2013-07-03 #wordpress

Validate Requests In WordPress Using Nonce

There are loads requests that you can perform in WordPress from either forms or links that will do things like updating database values or deleting posts. If you are deleting a post or updating any value in the database by using a link then you will able to delete a post by typing a URL into the browser, this can dangerous as this can be abused to delete all the posts on your blog. You need a way of verifying a request is valid and to stop duplicate requests from a URL. In WordPress you can verify a request by using a nonce.

What Is A Nonce?

A nonce is used for security reasons to protect the system from unexpected or duplicate requests. This will help protect against the same requests being sent to the database. A nonce is used as a one time token to identify a request on the website, when a request is made it can verify the nonce and you can decide if you will allow the request to proceed. A nonce is generated by an action and a timestamp, this can be used to know when the previously action was requested. Because you know when the previous request was actioned you can decide if to allow it to proceed or block this same request for a certain amount of time. When a action is verified by WordPress it will let you know if the nonce was generated in the last 12 hours or in the last 12 - 24 hours. If a call is not verified WordPress will generate a prompt to make sure the user is certain of proceeding with the next request. Because a request can be done by a form or a link, a nonce value can be added to a form hidden field or as part of a URL.

Working With Nonce In WordPress

WordPress comes with a number of different functions to work with nonces, allowing you to create a new nonce and verify nonces so you can create your own pages and requests securely with a nonce.

  • wp_nonce_ays() - Will allow you to display a are you sure message to confirm the request can take place.
  • wp_nonce_field() - This is used to confirm that a form request came from the current site. When submitting a form request you should always use a nonce so that you can confirm the request came from your site.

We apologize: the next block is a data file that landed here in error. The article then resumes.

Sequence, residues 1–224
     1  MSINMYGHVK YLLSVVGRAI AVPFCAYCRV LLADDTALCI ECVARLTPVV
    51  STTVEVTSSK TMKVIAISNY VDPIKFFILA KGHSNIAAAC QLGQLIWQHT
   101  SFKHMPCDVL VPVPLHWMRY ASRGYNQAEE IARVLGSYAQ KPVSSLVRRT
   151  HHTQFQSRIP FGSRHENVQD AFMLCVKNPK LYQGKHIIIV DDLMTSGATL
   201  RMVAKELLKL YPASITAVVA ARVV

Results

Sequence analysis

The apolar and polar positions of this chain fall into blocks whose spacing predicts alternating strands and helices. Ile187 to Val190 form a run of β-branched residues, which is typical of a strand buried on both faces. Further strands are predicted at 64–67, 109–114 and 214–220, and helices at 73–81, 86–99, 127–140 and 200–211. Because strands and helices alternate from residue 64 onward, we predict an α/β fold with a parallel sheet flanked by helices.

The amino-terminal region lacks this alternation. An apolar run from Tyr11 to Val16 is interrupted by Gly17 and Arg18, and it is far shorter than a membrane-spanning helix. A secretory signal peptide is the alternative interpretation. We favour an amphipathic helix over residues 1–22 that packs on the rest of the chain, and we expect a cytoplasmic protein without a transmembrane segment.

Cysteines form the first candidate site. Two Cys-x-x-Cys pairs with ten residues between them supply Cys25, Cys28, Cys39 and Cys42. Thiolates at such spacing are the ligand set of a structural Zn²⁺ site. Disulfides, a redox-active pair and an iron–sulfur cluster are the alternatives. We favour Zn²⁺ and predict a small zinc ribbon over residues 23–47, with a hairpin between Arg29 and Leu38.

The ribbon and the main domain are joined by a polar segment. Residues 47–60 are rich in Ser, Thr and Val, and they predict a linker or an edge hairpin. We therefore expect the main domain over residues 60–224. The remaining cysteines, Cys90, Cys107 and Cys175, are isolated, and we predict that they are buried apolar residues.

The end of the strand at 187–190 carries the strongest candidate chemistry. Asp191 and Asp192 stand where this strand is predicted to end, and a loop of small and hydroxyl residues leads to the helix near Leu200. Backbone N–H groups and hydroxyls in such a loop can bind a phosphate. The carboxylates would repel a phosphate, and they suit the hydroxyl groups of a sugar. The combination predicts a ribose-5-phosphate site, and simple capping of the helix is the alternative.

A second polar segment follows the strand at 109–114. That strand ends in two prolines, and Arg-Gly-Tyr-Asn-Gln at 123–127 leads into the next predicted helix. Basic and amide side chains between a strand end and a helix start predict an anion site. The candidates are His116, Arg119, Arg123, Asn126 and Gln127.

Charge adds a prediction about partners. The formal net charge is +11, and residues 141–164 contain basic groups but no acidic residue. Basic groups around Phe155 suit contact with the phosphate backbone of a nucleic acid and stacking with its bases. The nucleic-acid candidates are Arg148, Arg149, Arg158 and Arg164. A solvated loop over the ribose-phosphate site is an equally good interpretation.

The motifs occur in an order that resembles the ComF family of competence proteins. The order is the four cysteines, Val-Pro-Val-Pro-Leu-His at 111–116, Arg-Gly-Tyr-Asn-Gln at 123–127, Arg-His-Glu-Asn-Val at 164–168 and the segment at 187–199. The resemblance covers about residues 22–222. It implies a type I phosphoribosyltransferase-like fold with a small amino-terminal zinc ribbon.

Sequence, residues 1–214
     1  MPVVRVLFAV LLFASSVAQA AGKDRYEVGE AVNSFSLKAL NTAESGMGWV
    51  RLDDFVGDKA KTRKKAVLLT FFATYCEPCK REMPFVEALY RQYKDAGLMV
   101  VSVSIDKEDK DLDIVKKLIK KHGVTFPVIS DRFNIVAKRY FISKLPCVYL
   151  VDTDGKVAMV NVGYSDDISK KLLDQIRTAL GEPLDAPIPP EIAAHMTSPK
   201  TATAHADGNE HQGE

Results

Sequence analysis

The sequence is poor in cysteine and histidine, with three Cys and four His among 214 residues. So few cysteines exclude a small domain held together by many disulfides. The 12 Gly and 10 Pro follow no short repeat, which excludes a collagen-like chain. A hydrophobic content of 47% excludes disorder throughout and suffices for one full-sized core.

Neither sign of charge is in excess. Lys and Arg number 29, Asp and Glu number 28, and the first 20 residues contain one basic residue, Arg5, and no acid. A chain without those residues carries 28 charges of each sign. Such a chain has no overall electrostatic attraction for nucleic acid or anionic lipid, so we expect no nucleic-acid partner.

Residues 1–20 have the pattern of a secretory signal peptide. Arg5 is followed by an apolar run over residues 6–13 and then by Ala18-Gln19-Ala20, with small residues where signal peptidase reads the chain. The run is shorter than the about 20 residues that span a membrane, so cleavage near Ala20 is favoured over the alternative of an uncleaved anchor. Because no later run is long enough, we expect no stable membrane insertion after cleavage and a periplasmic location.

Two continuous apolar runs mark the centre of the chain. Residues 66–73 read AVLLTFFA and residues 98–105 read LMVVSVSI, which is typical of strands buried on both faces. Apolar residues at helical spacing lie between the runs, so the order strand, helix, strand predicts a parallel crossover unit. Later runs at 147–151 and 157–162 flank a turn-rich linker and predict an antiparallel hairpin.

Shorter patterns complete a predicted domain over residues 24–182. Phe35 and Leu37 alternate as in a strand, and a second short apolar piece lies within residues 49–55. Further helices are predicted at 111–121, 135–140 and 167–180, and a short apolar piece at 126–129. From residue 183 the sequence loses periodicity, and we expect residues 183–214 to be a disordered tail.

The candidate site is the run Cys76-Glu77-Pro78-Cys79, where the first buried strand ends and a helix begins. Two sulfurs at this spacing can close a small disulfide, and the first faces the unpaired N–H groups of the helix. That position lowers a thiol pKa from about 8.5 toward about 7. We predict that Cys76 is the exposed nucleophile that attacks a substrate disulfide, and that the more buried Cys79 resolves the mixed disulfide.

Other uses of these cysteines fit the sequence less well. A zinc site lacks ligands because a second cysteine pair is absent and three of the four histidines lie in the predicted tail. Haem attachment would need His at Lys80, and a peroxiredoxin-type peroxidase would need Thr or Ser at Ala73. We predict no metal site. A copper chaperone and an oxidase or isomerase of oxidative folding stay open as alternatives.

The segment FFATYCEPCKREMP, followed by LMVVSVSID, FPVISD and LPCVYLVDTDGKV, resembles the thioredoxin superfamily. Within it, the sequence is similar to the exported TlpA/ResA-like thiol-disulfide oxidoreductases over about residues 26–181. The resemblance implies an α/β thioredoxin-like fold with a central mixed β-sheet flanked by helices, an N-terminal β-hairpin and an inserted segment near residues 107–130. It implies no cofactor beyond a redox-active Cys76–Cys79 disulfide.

• wp_nonce_url() - Gets the URL attached to the nonce.
  • wp_verify_nonce() - Used to verify the nonce is correct.
  • wp_create_nonce() - Returns a generated nonce based on the current time and an action.
  • check_admin_referer() - Checks to see if the current request was a request from the admin screens.
  • check_ajax_referer() - Verifies that the request was from an ajax request.
  • wp_referer_field() - When you submit a form in the admin area a hidden field will be populated with a none this function will return the value of that hidden field.

Using A Nonce In A Form

When you are creating a new form in WordPress and want to add a nonce hidden field to the form you will need to use the wp_create_nonce() function which requires you to submit an action argument. For example if you want to build custom post meta boxes in WordPress you may want a nonce to allow you to submit this data separately to the post data.

function show_embed_tweet_meta_box() {
    global $post;  
        $meta = get_post_meta($post->ID, 'twitter_embed', true);  
    // Use nonce for verification  
	echo '<input type="hidden" name="custom_meta_box_nonce" value="'.wp_create_nonce(basename(__FILE__)).'" />';  
   echo '<table class="form-table">';   
        // begin a table row with
        echo '<tr>
            <th><label for="twitter_embed">Twitter Embed</label></th>
            <td><textarea name="twitter_embed" id="twitter_embed" cols="60" rows="4">'.$meta.'</textarea>
		        <span class="description">Use to embed tweets on your post.</span></td>
    echo '</table>';

This uses the wp_create_nonce() and passes in the base name of the current file as the action basename(FILE). Now we can verify against this action when we process the save action of this data.

if (!wp_verify_nonce($_POST['custom_meta_box_nonce'], basename(__FILE__)))
        return false;

For this we use the function wp_verify_nonce() and pass in the value of the nonce submitted by the form and the action we are verifying it against. If this nonce does not verify then we can return false from this function and not process the rest of the form.

 * Save the meta fields on save of the post
function save_embed_tweet_meta($post_id) {   
    // verify nonce
    if (!wp_verify_nonce($_POST['custom_meta_box_nonce'], basename(__FILE__)))
        return $post_id;
    // check autosave
    if (defined('DOING_AUTOSAVE') && DOING_AUTOSAVE)
        return $post_id;
    // check permissions
    if ('page' == $_POST['post_type']) {
        if (!current_user_can('edit_page', $post_id))
            return $post_id;
        } elseif (!current_user_can('edit_post', $post_id)) {
            return $post_id;
    $old = get_post_meta($post_id, "twitter_embed", true);
    $new = $_POST["twitter_embed"];
    if ($new && $new != $old) {
        update_post_meta($post_id, "twitter_embed", $new);
    } elseif ('' == $new && $old) {
        delete_post_meta($post_id, "twitter_embed", $old);
add_action('save_post', 'save_embed_tweet_meta');


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